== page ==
About this Journal

The Journal of British and Irish Innovative Poetry centres on poetic writings appearing in Britain and Ireland since the late 1950s. These varied poetic practices have been described as avant-garde, underground, linguistically innovative, second-wave Modernist, neo-modernist, non-mainstream, the British Poetry Revival, the parallel tradition, formally innovative, or experimental and which have been produced in geographic clusters, such as the Cambridge School or the London School or Morden Tower. However, we are also seeking to represent uncategorised and independent voices that might fall through the cracks between different schools or clusters.

These posited movements were networked with a variety of formal and conceptual poetics, including: concrete poetry; performance writing; hybrid writing; writing that explores the interplay between orality and literacy; Black studies; diasporic approaches; translational and translingual experiments; macaronic writing and hybridisations of the English language.

The Journal recognises that these terms, and the communities of writers and readers they refer to, are always shifting, contested and sometimes controversial. As such, we are interested in a critical and expansive understanding of ‘innovative’ poetic writing, both within and extending beyond the bounds of the particular traditions outlined here.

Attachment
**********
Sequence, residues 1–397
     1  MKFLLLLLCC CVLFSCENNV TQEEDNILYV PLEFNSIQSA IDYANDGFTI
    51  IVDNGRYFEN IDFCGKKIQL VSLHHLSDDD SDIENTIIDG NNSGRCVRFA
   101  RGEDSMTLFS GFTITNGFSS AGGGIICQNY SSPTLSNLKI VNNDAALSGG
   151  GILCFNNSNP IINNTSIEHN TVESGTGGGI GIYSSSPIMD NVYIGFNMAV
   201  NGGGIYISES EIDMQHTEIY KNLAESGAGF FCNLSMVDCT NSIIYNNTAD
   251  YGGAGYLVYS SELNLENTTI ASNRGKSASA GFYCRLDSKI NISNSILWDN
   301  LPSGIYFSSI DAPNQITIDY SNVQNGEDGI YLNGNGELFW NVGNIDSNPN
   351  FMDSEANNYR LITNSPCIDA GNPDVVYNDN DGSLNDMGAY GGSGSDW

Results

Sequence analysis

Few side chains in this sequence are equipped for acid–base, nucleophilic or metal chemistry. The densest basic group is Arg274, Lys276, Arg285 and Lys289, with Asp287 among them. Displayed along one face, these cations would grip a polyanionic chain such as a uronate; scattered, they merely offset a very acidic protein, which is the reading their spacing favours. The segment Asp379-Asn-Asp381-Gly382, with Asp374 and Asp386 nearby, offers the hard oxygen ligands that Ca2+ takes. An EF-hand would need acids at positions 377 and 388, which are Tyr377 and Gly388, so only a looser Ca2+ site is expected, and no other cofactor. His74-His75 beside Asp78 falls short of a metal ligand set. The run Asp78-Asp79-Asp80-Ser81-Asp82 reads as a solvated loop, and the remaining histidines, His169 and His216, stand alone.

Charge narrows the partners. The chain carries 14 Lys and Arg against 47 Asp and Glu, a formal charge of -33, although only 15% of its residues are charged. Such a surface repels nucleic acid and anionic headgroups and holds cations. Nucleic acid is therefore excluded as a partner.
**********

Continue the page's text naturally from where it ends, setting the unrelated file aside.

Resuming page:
Latest News
R.I.P. Chris Torrance (1941-2021)
Posted by Gareth Farmer on 2021-09-01

The editors of The Journal of British and Irish Poetry are tremendously saddened to hear of the death of the unique and brilliant poet, Chris Torrance. One of our co-editors, Gareth Farmer, had the privilege of reviewing Test Centre's 2017 edition of The Magic Door for Poetry Wales in 2018. Collecting together eight of Torrance's books, this edition is a remarkable achievement of both editing and [...]

New AV accessible article
Posted by Scott Thurston on 2021-08-13

We are delighted to take the next step in exploring new levels of accessibility for our articles by publishing Natalie Joelle and Kaushika Ratnayake's narrated video presentation of Natalie's article for our Peter Larkin special issue. You can find the video on the article page here.